Freelance writer and author of two non-fiction books, Vancouver-based Julie Ferguson leads workshops that provide aspiring authors with the knowledge and confidence to approach publishers with their work. For more information contact Beacon Literary Services at www.beaconlit.com.
Sometimes I'm asked if it is possible to bypass a literary agent by using a contract lawyer instead. I can think of only three reasons why you might want to.
This isn't true of mainstream publishers, who seldom look at unsolicited manuscripts. They rely instead on the recommendations of trusted agents and literary scouts to bring them only the most remarkable work.
The relationship between agents and authors exists because of supply and demand. Millions of writers want to publish, all of them vying for the attention of far fewer literary agents, and even fewer publishers. This puts agents in a position of power, able to pick and choose their "employers."
Any decision to bypass an agent and hire a contract lawyer is only possible once a publisher has expressed interest in your manuscript.
When you have a publishable manuscript, and have sent it to many agents with no luck, the next best course of action is to attend conferences.
So, in most cases, you won't need or want to use a contract lawyer. If you're fortunate enough to find a publisher before you find representation with an agent, then you can weigh the costs and benefits of choosing a lawyer over an agent, but in most cases, you will want the services of a good agent.
In the end, most writers would rather secure an agent than bypass one.
Conferences provide the best possible chance of meeting an agent because most have "pitching sessions." You usually apply for these sessions beforehand and if you're accepted, you will meet briefly with an agent to pitch your finished manuscript.
If the manuscript isn't yet ready to publish, there's a good chance the agents you meet will tell you. They may even provide some tips on how to get it ready.
Even if you're not successful pitching your manuscript, at conferences you'll get current information from the publishing world and you'll make good contacts that may help you later.
If you're in the market for a guide to literary agents, Chuck Sambuchino has a good US based book that I recommend, with over 500 agents listed. In addition, he keeps it updated with supplementary blog posts and even a free newsletter.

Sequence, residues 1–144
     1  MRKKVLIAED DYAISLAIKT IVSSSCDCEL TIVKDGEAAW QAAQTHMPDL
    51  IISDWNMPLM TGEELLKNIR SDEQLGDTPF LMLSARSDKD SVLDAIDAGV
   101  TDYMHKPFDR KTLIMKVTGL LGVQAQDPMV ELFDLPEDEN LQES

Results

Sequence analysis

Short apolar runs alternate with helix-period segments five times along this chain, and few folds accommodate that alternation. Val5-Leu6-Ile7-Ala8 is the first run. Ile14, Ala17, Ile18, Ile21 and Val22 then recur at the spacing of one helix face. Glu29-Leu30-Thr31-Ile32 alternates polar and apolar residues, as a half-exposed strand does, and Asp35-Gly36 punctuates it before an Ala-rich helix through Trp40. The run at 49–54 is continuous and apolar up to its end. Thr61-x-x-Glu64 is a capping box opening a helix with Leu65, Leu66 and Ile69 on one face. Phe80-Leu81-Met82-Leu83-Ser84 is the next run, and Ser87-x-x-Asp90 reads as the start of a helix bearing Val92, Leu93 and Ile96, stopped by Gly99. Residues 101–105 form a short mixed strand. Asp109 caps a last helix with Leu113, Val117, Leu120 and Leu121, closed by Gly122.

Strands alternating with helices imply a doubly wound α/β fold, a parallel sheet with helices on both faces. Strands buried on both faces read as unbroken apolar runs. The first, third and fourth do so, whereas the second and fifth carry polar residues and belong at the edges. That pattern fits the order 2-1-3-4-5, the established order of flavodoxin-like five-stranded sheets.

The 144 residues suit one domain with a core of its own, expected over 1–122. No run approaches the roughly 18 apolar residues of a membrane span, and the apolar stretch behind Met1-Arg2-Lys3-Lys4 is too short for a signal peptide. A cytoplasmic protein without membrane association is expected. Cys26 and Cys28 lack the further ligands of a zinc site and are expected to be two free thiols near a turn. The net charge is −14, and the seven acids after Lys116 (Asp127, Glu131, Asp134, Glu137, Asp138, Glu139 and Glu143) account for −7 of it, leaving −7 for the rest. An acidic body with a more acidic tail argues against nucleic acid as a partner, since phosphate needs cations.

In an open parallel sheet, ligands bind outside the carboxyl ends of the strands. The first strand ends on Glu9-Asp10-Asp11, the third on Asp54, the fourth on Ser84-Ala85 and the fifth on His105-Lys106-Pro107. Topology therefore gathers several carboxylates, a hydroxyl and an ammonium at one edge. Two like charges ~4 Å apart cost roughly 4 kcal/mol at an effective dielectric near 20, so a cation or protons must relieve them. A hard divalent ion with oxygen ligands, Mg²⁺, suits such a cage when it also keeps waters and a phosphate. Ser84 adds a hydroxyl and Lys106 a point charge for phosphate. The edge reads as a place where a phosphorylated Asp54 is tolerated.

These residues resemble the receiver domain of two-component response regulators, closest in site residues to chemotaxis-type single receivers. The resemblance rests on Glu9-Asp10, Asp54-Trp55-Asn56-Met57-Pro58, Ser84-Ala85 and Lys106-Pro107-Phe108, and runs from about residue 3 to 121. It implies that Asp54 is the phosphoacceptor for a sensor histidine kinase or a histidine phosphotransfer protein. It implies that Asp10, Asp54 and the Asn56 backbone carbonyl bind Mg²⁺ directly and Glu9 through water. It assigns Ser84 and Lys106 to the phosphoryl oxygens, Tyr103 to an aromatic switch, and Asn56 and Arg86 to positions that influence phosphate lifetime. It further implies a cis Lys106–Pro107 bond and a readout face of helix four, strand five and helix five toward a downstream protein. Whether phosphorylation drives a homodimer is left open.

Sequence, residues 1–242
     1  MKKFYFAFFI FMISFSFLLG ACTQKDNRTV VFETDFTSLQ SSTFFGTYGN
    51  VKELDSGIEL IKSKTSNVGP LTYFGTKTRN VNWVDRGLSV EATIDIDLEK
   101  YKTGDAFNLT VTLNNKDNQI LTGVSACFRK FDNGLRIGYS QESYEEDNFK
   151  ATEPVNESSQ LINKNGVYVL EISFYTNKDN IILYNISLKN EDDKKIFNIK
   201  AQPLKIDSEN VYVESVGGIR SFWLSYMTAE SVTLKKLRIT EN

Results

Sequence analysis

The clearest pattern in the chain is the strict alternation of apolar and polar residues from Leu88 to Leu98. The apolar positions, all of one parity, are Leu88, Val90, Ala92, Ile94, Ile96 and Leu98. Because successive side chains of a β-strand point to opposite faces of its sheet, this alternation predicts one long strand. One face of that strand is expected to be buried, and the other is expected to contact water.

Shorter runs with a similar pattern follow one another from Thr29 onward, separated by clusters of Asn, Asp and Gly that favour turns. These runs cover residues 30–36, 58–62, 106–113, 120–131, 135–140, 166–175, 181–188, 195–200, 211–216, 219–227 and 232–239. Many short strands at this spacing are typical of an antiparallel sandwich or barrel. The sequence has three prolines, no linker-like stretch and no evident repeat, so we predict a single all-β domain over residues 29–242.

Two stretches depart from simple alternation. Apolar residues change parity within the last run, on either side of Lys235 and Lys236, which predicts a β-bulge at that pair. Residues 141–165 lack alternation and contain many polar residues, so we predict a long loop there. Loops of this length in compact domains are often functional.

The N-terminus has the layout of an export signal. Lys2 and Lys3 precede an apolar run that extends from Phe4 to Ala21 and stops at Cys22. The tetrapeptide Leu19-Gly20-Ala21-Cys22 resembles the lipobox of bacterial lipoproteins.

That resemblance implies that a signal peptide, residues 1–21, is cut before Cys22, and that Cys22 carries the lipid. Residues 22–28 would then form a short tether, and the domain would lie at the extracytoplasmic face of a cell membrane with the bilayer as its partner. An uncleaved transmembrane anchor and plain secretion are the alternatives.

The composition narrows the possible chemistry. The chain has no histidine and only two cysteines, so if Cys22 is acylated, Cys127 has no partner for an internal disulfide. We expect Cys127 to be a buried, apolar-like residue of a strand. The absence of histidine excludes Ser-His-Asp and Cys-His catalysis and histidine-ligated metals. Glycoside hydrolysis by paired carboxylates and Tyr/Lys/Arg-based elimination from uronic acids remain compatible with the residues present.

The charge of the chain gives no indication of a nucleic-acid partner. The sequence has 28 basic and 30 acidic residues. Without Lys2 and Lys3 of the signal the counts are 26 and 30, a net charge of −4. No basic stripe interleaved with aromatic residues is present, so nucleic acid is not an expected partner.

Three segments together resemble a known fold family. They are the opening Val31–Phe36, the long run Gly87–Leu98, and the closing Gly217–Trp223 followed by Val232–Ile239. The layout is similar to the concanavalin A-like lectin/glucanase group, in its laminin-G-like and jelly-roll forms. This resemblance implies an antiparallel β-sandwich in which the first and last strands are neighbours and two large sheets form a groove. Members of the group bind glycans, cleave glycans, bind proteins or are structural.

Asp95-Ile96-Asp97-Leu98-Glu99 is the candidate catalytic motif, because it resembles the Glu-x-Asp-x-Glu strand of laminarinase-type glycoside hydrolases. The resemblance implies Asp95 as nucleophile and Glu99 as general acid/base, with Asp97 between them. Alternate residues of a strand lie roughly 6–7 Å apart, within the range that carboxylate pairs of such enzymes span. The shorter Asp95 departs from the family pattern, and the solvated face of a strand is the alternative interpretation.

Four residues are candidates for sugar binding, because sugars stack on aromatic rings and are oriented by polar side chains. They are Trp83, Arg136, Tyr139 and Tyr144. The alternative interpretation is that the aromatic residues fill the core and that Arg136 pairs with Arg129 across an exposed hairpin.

Poets & Writers has another good guide to literary agents, available as an ebook or free download. For a list of Canadian agents, see Finding a Literary Agent on this site.
You can do a lot with a name. It wasn't always easy to gain access to information about literary agents, but these days, once you have a name, a Google search will turn up the agent's website, Twitter and Facebook posts, news articles, and even articles published by the agent about the business.
From all of these, you will learn quite a lot. Is the literary agent respectful of others, or contemptuous? Does the agent have a positive attitude about change, or does he or she sound mired in the past? Is there evidence of discontent or litigation concerning the agent and/or his or her practices? Who does the agent represent? Which deals have been mentioned in the press?
The literary agent's website will tell you what he or she wants you to know. The press surrounding the agent will tell you as much or more.
A good agent has spent years with print. He or she will need to read only a small portion of your writing to know whether or not the book is of interest. Sometimes a query letter sounds promising, but the manuscript is not a good fit. That is disappointing, but nothing to get upset over.
Literary agent Rachel Gardner, uses a clothing analogy to explain the process:
This is one of the best analogies I've heard. Assuming that you have consulted with a professional and know that your query letter and synopsis are all they should be, don't worry if your work doesn't suit several agents.
Go back to your list of literary agents, create a new one if you have to, and carry on. As with everything else in this business persistence is key.